Everyone needs a bosom for a pillow, according to the guys from Cornershop. And everyone needs a place to party too -- even if that place is the "world's smallest disco".
The Brimful of Asha band will be opening up a miniature disco at 256 Albion Road in Hackney for this year's Record Store Day. The building will play a triple role throughout the day, also acting as a record shop and an art gallery.
It's, admittedly, all sounding a bit tenuous -- unless there's a light-up floor and a glitter ball, a building playing music and selling it is just, well, a record store, right? But it got us thinking -- what genuine miniature wonders are out there? Here's a selection of some of our favourites.
If you're a 6 ft 3 inch fisherman, a 10 foot tall building with a floor area of 10 ft by 5.9 ft probably isn't the best place to call home. But Quay House in Conwy, Wales, was once the home of fisherman Robert Jones until 1900. With such low ceilings, Jones was unable to stand up fully in the house, leading the council to deem the property unfit for human habitation.
Built in the 16th century (presumably fit for the shorter people of the time), the property now acts as a tourist attraction, welcoming thousands of visitors each year.
Like Tower Bridge's little brother, Somerset Bridge in Bermuda is said to be the world's smallest working drawbridge.
Built in 1620, it connects Somerset Island with the mainland parish of Sandys, but had to be rebuilt in the middle of the last century as it fell into disrepair. Measuring just 22-inches wide, the bridge was originally raised using a hand crank. Though it now uses two cantilevered half-spans, any sail boat captains looking to pass under the bridge still needs to call upon the assistance of passers-by to lift the timber walkway loose and allow for safe passage.
While the building itself may be of regular size, Solo Per Due's unique dining experience still makes it the world's smallest restaurant. Situated in Vacone, Italy, and run by chef/owner Remo Di Claudio, it seats just two people at a time at its solitary table.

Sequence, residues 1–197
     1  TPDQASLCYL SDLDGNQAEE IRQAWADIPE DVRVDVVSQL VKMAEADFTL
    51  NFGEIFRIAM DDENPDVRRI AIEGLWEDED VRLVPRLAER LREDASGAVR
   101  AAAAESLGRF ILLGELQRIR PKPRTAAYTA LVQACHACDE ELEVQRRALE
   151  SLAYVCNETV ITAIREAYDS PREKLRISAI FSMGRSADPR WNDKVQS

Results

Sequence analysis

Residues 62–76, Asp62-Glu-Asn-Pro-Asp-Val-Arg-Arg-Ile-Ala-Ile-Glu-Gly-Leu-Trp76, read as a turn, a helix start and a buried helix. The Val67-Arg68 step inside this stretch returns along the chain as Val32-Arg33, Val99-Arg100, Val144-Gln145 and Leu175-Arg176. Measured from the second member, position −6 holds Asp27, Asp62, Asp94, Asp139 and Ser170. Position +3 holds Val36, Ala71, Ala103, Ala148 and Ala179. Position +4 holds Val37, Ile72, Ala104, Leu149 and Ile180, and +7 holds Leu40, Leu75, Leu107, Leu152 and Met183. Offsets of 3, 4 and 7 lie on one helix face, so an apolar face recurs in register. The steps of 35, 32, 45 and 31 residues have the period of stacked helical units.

After a walk up a candlelit driveway, Di Claudio meets diners personally before leading them to the 19th century building, kitted out with period chandeliers and a fitting decor. Inside, homemade pasta, wild mushrooms and local sheep's cheese are among the recommended dishes, with fine wines and champagnes from a premium cellar on offer too.
Open for lunch and dinner, the restaurant serves 1,500 people per year, with a place at the exclusive table costing €250 (£205). Booking in advance is, obviously, encouraged.
It used to be an old-fashioned BT red phone booth, but when the mobile library service for villagers in Somerset's Westbury-sub-Mendip stopped delivering, the disused dialler took on a whole new life.
Villagers converted the booth into a DIY library, stocking it with around 100 books at a time, after the local parish bought it for just £1. Open 24 hours a day, villagers can come and go, borrowing as they please, with even a working night light installed. Once every few weeks a check is carried out to see which titles are looking a bit tired, with unloved books brought to a charity shop and swapped out for new titles.
With the handset removed, there isn't even the need for a greying library assistant, shushing visitors!
Situated in Bury St Edmunds, Suffolk, The Nutshell pub measures just 15 ft by 7 ft, and serves on average no more than ten or fifteen customers at a time. It's "Britain's smallest" claim is disputed by other diminutive pubs, but with The Nutshell lacking a beer garden, it's widely regarded as the smallest.
Despite its size, The Nutshell once squeezed an astonishing 102 people inside back in 1984. I think you'd have been forgiven for elbowing someone's pint over that night.
It's not a past exclusively filled with merriment at The Nutshell though. Or at least not if you happen to be a cat. Inside the pub is the dried-out body of a long-dead black cat, which was found during renovation work at the pub. It was believed to have been accidentally closed up within a chimney hearth, killed by the heat. Anyone for scratchings?